I love doing work that allows me to have interactions with people in communities in Cochabamba. This project has given me more than just public speaking skills or technical knowledge about HIV. I have been fortunate enough to have real conversations with students who allowed me to see into parts of their lives. Some of them have told me stories that have changed the way I conceptualize things like health, family, and responsibility. Because of this, I have gained a greater understanding of others and myself on a global scale. The way I see things has shifted. There is no going back from here.

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Global Privett Scholars Summer Update

The 2017 Global Privett Scholars are spending the summer in Bolivia and Argentina working on community-based sustainable development projects. Our students are cultivating an appreciation for their responsibilities as global citizens and developing personal skills, professional competencies, and values consistent with the mission of the University of San Francisco.

Scholars in Cochabamba, Bolivia  

 Gio Paganini – CeDRUS (Centro de Desarrollo Rural y Urbano Sustentable)

“I’m really excited about meeting my host family in Bolivia. I’m from South America and can’t wait to be able to see how other countries in the continent live. Working side by side South Americans is a priceless experience.”

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Natalia Caprile – Vivo en Positivo

“I’m looking forward to meeting people in my host family and organization, and to start growing in community with them. After learning so much about the social, political, and historical contexts of Bolivia, I’m ready to jump in and start to experience life there!”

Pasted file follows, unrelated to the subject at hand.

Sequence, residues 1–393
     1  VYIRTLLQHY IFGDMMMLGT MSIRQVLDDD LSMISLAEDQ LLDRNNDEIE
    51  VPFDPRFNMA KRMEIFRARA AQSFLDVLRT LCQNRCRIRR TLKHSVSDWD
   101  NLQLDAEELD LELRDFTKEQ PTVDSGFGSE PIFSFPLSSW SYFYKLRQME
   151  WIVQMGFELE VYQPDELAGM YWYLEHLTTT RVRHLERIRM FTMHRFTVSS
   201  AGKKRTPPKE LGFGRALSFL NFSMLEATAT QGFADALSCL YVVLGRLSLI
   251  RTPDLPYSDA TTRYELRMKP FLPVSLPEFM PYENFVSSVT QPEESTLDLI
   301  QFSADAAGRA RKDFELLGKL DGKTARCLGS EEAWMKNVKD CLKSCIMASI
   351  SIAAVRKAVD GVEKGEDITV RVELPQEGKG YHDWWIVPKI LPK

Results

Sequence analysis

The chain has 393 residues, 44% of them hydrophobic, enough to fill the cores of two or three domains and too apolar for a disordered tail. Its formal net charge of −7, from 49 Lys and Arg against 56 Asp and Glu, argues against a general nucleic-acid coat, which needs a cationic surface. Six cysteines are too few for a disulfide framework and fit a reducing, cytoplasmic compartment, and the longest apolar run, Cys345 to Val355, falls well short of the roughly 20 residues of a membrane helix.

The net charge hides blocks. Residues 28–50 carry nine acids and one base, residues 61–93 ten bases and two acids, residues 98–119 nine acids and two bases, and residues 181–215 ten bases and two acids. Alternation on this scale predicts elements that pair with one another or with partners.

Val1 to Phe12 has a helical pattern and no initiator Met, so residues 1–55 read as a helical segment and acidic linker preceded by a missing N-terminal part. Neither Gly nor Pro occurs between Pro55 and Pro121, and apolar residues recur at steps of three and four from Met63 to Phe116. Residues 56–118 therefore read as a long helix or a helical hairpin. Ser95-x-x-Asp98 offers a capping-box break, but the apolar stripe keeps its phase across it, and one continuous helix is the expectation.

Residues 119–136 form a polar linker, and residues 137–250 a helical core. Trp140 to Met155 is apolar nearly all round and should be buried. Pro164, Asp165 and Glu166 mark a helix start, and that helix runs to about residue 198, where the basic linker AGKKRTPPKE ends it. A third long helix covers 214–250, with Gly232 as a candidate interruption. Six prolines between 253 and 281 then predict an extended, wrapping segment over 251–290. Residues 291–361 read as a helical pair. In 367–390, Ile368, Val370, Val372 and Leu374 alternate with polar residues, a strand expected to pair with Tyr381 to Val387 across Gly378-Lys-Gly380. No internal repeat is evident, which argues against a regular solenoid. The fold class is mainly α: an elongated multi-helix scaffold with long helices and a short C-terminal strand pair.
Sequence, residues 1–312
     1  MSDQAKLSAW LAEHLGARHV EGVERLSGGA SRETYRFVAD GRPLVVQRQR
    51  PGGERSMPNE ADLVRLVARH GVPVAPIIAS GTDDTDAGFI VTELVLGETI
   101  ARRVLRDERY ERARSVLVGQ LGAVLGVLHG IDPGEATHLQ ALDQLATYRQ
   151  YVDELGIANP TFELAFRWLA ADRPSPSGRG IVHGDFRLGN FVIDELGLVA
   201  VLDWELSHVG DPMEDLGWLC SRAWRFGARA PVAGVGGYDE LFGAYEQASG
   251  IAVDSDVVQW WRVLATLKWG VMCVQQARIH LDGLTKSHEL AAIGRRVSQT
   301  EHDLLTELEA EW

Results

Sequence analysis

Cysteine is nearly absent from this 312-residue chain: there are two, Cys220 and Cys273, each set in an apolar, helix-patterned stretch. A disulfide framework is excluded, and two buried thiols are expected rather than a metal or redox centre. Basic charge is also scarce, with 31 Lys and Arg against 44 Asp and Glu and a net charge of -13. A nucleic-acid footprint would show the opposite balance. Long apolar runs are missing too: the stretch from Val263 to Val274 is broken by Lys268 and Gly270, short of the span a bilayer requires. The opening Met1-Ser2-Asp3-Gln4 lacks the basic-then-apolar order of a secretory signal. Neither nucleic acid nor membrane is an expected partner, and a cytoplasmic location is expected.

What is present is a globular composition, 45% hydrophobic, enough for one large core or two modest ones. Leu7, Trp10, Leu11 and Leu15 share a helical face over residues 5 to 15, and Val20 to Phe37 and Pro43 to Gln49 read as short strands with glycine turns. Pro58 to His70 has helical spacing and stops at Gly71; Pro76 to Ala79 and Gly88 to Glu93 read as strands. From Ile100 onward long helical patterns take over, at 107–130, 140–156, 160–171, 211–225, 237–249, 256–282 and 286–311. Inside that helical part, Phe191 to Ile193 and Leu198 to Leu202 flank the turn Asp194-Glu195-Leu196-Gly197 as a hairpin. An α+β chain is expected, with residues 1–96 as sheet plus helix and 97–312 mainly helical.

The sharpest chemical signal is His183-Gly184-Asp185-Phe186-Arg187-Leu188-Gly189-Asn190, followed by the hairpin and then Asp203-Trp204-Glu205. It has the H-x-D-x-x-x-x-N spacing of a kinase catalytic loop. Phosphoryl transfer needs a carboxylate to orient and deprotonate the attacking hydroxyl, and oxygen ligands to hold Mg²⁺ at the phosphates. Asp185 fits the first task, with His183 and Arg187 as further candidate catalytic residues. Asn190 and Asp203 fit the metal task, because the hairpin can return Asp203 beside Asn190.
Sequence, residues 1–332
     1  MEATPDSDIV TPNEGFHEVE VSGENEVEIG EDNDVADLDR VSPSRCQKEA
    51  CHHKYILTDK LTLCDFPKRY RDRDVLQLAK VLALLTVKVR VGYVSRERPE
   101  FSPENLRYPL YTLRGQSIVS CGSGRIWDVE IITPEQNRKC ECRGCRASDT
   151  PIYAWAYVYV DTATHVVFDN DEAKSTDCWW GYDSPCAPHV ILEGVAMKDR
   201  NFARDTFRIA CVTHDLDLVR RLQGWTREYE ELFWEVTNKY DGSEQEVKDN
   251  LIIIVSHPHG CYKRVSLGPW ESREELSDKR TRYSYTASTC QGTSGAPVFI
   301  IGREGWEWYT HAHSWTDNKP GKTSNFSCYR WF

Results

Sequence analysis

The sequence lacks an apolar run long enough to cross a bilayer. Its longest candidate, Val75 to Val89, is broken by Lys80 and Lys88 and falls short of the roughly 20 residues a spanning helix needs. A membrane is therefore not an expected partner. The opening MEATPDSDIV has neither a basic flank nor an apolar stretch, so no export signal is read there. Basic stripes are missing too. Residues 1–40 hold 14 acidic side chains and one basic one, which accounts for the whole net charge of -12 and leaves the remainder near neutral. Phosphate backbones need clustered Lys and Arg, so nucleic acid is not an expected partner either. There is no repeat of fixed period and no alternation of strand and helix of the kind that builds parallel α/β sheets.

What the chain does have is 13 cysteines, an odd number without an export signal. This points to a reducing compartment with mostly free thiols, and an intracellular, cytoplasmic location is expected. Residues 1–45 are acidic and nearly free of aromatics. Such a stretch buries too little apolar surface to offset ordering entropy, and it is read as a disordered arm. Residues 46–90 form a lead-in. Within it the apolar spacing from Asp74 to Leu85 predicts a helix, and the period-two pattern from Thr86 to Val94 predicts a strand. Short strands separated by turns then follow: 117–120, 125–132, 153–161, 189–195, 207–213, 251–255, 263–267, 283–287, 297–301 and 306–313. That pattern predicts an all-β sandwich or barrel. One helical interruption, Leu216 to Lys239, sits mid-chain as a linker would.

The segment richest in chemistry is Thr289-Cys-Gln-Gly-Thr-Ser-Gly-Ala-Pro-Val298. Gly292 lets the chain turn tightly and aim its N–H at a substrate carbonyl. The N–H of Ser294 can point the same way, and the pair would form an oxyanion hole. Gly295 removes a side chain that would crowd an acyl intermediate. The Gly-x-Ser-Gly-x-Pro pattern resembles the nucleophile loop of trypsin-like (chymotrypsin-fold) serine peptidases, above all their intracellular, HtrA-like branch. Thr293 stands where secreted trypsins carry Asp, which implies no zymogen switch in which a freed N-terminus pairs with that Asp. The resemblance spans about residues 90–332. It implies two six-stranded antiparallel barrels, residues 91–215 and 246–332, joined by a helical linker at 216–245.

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Juliet Baires – Pro Mujer Bolivia

“I will be working with Pro Mujer, a nonprofit organization that works to support women who are living in the conditions of socioeconomic exclusion. I am excited to be a part of a movement that supports women with their small businesses, while recognizing and including women’s values and potential, opening the door for women to have an active role in their own personal and community development.” 

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Diego Jones – Tukuy Pacha

“I’m really excited about three things: meeting my new family, working at my internship, and taking cool pictures of Bolivia. I’m really looking forward to also meet the rest of the U.S. students who will be working with the Foundation for Sustainable Development (FSD) this summer.” 

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Carter Santini – Martadero

“I’m filled with both excitement and nerves. My job placement at Martadero seems like a gift from the heavens as it aligns all my interests in music, community development and public service. I’m excited to throw myself into a new place and give my all.”

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Rosa Olascoaga- Performing Life

“I am super excited to be an intern at Performing Life. I can’t wait to work with young people and to be surrounded with the beautiful culture in Bolivia.”

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Rachel Starling- Asociación Amigos del Árbol, Bosques, y Parques Nacionales